KARLSRUHER INSTITUT FÃœR TECHNOLOGIE (KIT): Researchers develop guidelines for intelligent production and products
The greatest benefit seems to be in complex control of the factory. A SCADA system is extremely useful for all of the workers on the production team. The operator has the main overview of the production in real time, the technologist is able to reconfigure the recipes from the office when itÂ's necessary, for maintenance it is important when and why the failures happened and the shift leader can check who is responsible for that.
Often described as a building block of the 'Digital Industrial Revolution', a smart factory makes use of digital technologies including the Internet-of-Things, Big Data Analytics, Artificial Intelligence and Advanced Robotics to increase productivity, quality and flexibility.
Industry 4.0 has been called the 'Fourth industrial Revolution', but unlike the first three, this revolution will be implemented at all sizes of manufacturing operations, not just large-scale corporate ones.
Daniel Moore, Pittsburgh Post-Gazette: "Our mission, at a very high level, is establishing leadership in this area," said Gary Fedder, interim CEO of the ARM Institute. "We want to lower the barrier for the companies to adopt this technology" while also "empowering the American worker" to find open positions.
Ben Rossi for Information Age: Technology companies are coming together to enable the smart factory - and launching the Fourth Industrial Revolution
Thomas Black for Bloomberg: General Motors Co. has connected about a quarter of its 30,000 factory robots to the internet, and the largest U.S. automaker already is reaping the benefits of less down time.
Automate 2017 will be held from April 3rd - 6th at Chicago's McCormick Place. This ManufacturingTomorrow.com Special Tradeshow report aims to bring you news, articles and products from this years event.
IoT Tech News: Algorithms are vital for Industry 4.0, and as Thomas Oestreich, managing vice president at research company Gartner puts it: "â€¦the connected world of cyber-physical systems has to deal with the sheer volume, real-time velocity and diversity of data; and in order to drive new value and differentiating innovations, new algorithms need to be developed. This is making algorithms the pulse of Industry 4.0 initiatives."
Forbes: The key for a successful digital transformation of the existing supply chain, and therewith reaping the full benefits of DSC, lies in developing an orderly process for implementing and integrating the many technologies and capabilities required.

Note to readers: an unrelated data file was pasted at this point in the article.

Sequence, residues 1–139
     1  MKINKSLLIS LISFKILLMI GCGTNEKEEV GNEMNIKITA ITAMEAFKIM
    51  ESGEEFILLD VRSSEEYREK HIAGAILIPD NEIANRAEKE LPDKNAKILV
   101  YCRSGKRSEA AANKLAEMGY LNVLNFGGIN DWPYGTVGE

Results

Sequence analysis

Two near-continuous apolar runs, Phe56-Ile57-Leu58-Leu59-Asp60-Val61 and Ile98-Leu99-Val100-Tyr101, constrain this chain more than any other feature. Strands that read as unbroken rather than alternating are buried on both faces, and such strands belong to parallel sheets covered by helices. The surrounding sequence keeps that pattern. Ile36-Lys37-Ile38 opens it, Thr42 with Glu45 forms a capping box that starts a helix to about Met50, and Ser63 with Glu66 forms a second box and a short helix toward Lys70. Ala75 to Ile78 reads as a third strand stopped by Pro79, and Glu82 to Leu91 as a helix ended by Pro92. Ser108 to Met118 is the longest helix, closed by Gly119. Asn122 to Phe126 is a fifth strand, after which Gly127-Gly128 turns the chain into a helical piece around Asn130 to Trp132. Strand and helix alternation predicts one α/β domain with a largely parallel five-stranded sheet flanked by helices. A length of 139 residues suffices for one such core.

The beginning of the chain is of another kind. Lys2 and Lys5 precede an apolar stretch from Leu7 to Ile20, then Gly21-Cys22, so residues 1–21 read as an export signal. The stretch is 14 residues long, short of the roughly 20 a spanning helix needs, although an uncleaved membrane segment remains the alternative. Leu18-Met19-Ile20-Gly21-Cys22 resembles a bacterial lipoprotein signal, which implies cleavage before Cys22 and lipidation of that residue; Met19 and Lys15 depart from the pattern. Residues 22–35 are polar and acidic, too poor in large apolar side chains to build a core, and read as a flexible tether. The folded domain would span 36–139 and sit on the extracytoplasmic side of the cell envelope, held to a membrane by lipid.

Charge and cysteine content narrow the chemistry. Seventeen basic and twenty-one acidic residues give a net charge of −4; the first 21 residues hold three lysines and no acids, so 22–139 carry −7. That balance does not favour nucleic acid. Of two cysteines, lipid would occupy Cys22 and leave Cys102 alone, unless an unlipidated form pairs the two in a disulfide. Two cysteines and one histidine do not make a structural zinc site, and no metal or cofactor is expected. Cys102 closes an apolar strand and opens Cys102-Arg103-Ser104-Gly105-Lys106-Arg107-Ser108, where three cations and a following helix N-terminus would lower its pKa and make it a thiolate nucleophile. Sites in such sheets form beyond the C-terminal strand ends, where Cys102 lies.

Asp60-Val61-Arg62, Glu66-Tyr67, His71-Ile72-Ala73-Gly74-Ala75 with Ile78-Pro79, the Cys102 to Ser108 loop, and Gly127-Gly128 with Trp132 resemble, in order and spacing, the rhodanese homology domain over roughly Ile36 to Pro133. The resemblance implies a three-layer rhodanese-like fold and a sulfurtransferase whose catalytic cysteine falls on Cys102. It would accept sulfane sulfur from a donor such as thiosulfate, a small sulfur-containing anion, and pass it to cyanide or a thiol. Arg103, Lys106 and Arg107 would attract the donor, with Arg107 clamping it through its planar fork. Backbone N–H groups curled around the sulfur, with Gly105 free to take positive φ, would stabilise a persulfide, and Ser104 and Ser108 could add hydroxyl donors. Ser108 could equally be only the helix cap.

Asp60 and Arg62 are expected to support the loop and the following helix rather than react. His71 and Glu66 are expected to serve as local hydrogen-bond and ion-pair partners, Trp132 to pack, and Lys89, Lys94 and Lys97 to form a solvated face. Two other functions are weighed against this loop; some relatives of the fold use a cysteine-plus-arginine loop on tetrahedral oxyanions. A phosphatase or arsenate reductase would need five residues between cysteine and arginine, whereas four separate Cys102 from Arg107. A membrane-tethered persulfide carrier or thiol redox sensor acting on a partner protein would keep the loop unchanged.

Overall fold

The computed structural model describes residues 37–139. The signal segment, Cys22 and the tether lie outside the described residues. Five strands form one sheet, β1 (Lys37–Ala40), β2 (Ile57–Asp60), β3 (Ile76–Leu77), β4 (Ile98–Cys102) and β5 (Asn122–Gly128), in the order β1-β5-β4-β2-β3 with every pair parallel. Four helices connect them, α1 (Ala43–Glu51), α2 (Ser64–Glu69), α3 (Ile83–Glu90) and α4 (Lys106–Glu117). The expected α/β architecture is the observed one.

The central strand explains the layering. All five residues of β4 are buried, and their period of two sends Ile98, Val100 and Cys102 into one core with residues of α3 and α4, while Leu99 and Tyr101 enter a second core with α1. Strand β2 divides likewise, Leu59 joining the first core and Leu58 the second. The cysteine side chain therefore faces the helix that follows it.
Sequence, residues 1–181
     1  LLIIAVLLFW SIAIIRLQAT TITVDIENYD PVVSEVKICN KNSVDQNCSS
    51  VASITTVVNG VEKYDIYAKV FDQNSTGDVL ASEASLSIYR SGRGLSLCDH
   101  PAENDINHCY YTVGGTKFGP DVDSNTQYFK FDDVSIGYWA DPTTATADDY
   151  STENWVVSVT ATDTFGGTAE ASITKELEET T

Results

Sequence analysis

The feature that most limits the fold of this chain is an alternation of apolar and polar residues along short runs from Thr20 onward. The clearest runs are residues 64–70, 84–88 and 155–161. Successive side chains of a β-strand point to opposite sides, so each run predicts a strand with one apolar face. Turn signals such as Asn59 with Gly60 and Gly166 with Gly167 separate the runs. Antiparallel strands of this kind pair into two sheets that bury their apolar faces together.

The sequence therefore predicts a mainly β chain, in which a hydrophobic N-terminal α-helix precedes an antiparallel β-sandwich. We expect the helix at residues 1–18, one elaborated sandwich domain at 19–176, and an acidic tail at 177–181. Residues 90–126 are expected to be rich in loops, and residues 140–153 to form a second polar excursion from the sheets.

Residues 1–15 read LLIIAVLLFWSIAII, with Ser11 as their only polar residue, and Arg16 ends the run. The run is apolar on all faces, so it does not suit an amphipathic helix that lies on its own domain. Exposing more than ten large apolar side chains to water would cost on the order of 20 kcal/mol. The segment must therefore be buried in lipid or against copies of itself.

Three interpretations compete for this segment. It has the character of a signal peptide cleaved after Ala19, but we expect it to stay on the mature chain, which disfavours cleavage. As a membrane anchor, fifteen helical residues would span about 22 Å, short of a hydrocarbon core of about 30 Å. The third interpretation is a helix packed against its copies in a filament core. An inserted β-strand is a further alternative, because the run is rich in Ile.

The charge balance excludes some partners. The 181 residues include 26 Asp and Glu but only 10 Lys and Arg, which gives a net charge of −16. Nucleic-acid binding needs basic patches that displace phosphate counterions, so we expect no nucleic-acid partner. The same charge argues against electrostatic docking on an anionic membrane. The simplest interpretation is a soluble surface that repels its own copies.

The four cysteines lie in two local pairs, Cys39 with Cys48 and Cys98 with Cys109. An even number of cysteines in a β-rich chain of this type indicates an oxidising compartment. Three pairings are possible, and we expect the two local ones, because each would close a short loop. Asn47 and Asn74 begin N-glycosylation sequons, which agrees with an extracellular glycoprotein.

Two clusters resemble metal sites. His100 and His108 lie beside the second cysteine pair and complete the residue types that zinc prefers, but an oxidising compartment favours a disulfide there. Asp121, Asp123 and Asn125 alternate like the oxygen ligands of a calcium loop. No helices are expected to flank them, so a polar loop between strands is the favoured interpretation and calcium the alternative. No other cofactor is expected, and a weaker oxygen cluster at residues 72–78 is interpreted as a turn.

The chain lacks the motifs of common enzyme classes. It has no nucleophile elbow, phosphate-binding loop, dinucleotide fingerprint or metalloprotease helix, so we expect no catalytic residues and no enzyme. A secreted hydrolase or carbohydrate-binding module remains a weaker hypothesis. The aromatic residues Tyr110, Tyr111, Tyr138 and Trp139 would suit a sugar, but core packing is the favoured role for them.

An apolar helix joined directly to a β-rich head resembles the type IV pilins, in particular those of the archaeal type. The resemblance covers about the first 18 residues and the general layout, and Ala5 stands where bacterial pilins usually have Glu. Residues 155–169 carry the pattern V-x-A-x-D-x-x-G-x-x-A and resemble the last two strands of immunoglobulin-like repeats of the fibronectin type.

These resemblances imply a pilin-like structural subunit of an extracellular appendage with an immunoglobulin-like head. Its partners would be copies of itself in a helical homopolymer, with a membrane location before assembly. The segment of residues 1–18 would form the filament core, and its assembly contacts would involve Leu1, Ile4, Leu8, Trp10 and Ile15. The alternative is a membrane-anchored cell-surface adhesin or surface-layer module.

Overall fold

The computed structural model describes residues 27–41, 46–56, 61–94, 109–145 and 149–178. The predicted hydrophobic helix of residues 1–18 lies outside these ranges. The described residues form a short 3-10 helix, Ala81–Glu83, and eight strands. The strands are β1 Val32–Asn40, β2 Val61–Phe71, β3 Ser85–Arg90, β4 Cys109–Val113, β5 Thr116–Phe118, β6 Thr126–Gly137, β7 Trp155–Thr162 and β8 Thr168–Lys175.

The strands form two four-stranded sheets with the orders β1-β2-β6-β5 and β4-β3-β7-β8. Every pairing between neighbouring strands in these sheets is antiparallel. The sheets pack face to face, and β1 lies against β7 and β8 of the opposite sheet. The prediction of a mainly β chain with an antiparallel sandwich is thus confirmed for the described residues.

Techworld from IDG: At the Cebit trade show in Germany, Japanese businesses want to go beyond smart factories, deploying industrial technologies to build a smart society
Sarah Kessler for Quartz: Machines, you may have heard, are coming for all the jobs. Robots flip burgers and work warehouses. Artificial intelligence handles insurance claims and basic bookkeeping, manages investment portfolios, does legal research, and performs basic HR tasks. Human labor doesn’t stand a chance against them—after the “automation apocalypse,” only those with spectacular abilities and the owners of the robots will thrive. Or at least, that’s one plausible and completely valid theory. But before you start campaigning for a universal basic income and set up a bunker, you might want to also familiarize yourself with the competing theory: In the long run, we’re going to be just fine. We’ve been here before. Cont'd...
Tim Fryer for Eureka: Head in sand time is over – Industry 4.0 is happening and is here to stay. In this article, the first in a series, Tim Fryer spoke to some of the leading automation companies about what Industry 4.0 means to design engineers. The elevator pitch for Industry 4.0 would be something like ‘it is the digitisation of manufacturing and the supply chain’. The three previous industrial revolutions started with steam and mechanisation, progressed onto automated assembly lines at the start of the 20th century, and then the introduction of computers to the work place in the 1970s was the third. Cont'd...
The prevailing narrative says automation was the main culprit behind U.S. manufacturing job losses in the early 2000s, and that automation is now powering an unprecedented manufacturing technology revolution that will continue to displace jobs. But a new report from the Information Technology and Innovation Foundation (ITIF) finds that both of these claims are false. ITIF, a leading tech-policy think tank, finds that trade pressure and faltering U.S. competitiveness were responsible for more than two-thirds of the 5.7 million manufacturing jobs lost between 2000 and 2010. And rather than entering a "fourth industrial revolution," U.S. manufacturing productivity growth is actually near an all-time low. In light of these facts, ITIF concludes that U.S. policymakers should aim to close the country's trade deficit in manufactured goods by fighting foreign mercantilism and pursuing a national competitiveness agenda that hinges in part on boosting manufacturing productivity rates. The report estimates that successfully closing the manufacturing goods trade deficit this way would create 1.3 million jobs. Full Press Release:
Industry 4.0 and the Internet of Things are far more than technology buzzwords; instead the possibilities of these technologies are almost impossible to imagine and overestimating their potential is difficult.
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